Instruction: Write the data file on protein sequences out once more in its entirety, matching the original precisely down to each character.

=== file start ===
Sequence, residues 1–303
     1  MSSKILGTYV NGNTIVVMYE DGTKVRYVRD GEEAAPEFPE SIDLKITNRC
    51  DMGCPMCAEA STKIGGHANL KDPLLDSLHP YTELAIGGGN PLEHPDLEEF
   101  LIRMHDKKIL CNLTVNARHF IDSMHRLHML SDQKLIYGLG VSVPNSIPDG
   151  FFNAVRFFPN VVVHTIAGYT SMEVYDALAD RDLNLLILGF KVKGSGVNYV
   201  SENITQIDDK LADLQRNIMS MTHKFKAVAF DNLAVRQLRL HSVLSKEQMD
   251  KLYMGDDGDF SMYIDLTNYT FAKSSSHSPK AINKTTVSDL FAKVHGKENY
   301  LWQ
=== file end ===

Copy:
Sequence, residues 1–303
     1  MSSKILGTYV NGNTIVVMYE DGTKVRYVRD GEEAAPEFPE SIDLKITNRC
    51  DMGCPMCAEA STKIGGHANL KDPLLDSLHP YTELAIGGGN PLEHPDLEEF
   101  LIRMHDKKIL CNLTVNARHF IDSMHRLHML SDQKLIYGLG VSVPNSIPDG
   151  FFNAVRFFPN VVVHTIAGYT SMEVYDALAD RDLNLLILGF KVKGSGVNYV
   201  SENITQIDDK LADLQRNIMS MTHKFKAVAF DNLAVRQLRL HSVLSKEQMD
   251  KLYMGDDGDF SMYIDLTNYT FAKSSSHSPK AINKTTVSDL FAKVHGKENY
   301  LWQ